Start earning and saving: If your gap year comes at a high price, start earning and saving now. You can use the Mydoh allowance app to bank some dough, or make money online as a kid. For a fun saving method, you could join the 52-Week Money Challenge. How it works: you start by saving $1 in Week 1 and then increase your savings by $1 each week thereafter. By the time you hit Week 52, you’ll have saved $1,378. The 365-day Money Challenge is the same idea: you save a little more every day, starting with $0.01 on Day 1 and then increasing your contributions by $0.01 daily. By day 365, you’ll have banked $667.95!

Tip: Our free savings goal calculator will do that math for you! Enter your earnings, what you spend, and see how many weeks it’ll take to save for your gap year goals.

Apply for financial aid: If you’re willing to do paperwork, you may snag some free money for a discovery year. For instance, CanGap is launching gap year scholarships and RBC offers $1,500 scholarships that are ideal for gappers.

Is taking a gap year worth it?

As Dittmer says, “A gap year is not for everyone.” It’s a personal choice, and it will take a little soul-searching to decide whether now is the right time. The first step is to contemplate your goals and ambitions and a realistic plan for achieving them. Reach out to experts and past participants to get the goods on “gapping 101,” and thoroughly research your options.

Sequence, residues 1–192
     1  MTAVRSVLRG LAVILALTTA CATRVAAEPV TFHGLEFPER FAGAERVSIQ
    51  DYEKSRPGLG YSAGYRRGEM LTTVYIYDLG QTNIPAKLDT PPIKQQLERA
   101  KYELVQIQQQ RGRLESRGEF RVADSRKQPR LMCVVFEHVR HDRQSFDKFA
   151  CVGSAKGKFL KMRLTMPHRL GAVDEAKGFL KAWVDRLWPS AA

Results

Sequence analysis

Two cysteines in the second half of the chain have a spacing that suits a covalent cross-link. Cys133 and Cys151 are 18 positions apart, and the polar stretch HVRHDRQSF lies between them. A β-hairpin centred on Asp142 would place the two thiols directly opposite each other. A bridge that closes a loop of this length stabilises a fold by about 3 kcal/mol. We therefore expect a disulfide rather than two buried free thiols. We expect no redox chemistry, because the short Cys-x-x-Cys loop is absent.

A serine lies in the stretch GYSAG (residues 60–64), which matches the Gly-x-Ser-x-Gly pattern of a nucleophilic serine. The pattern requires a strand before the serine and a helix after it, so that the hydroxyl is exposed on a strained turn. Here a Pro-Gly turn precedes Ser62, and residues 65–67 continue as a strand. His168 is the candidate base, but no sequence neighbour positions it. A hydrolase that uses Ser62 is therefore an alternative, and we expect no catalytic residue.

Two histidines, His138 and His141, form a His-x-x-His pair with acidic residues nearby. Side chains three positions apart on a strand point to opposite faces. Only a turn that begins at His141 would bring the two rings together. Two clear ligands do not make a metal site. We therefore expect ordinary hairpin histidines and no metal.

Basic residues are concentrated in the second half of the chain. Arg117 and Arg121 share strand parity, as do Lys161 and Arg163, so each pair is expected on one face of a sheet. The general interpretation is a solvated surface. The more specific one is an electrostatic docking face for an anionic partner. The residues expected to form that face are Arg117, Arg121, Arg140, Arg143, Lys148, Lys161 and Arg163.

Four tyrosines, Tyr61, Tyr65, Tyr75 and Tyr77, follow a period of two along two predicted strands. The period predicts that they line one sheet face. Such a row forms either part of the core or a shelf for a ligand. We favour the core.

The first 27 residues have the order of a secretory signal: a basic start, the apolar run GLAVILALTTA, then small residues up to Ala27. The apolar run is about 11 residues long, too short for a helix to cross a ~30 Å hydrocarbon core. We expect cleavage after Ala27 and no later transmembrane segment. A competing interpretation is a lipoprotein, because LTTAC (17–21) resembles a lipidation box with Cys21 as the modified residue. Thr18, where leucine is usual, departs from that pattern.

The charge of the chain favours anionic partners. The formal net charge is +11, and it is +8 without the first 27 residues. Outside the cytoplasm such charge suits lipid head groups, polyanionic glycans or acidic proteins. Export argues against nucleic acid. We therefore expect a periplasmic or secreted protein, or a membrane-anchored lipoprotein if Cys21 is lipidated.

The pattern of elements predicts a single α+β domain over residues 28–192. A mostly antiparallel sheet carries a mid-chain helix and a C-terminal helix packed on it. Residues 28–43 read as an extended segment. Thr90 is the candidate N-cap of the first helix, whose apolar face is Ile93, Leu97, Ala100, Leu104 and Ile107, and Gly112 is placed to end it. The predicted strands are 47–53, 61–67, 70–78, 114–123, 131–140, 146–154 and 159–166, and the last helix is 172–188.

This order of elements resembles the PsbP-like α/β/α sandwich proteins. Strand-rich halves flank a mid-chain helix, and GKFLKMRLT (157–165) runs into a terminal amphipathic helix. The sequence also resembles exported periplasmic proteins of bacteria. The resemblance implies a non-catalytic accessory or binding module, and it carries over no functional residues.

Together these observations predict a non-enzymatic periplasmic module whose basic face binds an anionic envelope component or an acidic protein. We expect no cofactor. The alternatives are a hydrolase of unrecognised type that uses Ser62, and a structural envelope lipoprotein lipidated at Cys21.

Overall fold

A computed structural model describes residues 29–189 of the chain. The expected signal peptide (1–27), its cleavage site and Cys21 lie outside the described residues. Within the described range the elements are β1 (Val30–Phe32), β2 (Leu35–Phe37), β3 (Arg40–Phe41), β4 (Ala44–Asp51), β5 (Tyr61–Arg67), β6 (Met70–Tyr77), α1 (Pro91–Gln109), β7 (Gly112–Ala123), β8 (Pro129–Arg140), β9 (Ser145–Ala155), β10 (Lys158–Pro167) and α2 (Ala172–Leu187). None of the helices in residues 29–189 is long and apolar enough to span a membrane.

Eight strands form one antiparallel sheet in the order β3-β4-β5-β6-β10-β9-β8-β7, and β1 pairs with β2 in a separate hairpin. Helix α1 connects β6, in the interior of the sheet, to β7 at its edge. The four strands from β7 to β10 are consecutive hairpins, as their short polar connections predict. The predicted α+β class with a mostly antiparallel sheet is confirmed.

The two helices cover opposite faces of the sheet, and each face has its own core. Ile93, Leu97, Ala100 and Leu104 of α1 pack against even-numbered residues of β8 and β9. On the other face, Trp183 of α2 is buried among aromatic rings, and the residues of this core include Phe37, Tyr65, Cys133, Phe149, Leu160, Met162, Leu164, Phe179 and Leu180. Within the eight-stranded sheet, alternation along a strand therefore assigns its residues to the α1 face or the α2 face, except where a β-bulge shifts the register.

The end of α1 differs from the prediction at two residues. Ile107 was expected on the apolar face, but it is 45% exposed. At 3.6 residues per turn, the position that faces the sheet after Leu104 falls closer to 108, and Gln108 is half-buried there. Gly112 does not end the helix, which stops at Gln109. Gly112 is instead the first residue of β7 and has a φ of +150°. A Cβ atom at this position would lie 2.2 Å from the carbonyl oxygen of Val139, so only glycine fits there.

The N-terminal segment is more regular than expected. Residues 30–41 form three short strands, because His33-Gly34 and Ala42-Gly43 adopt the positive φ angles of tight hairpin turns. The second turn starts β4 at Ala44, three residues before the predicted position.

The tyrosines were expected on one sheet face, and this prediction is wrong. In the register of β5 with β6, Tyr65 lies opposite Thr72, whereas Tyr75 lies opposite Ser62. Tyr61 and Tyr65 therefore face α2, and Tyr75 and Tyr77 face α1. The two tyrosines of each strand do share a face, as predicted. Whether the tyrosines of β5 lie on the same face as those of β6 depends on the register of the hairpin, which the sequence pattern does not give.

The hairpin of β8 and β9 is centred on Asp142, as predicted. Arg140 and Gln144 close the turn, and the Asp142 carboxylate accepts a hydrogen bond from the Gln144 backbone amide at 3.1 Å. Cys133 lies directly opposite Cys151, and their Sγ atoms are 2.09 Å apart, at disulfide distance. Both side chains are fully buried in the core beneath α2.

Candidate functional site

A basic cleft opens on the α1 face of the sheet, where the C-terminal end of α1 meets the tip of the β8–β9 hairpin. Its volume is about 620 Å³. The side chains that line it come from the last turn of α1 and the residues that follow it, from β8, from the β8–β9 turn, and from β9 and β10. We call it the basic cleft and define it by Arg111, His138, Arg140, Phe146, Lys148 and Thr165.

Lastly, a balanced budget is essential to a successful gap year. Now is the time to sharpen your money management chops and explore the financial side of a year-long break from school. A good place to start is the Mydoh app, which is designed to give teens real-world experience of making their own money.

A time out from the classroom may feel daunting but just remember: it’s a once-in-a-lifetime journey that will undoubtedly shape your future self. 

Download the Mydoh app and Smart Cash Card to help teens develop financial independence and smart money habits during their gap year – you can even set up automatic savings, track spending, and start budgeting right away!

 

The Parents’ Guide to Roblox

So your kid is an obsessive Roblox player, huh? Take heart: They’re among millions hooked on this fun-filled online gaming platform. In fact, Roblox has reported nearly 50 million daily users in 180 countries.

Playable on smartphones, computers, tablets, XBox One, and even virtual reality headsets like Oculus Rift, Roblox is actually not one game but a gigantic collection of games generated by users. Here’s what parents need to know about Roblox for kids.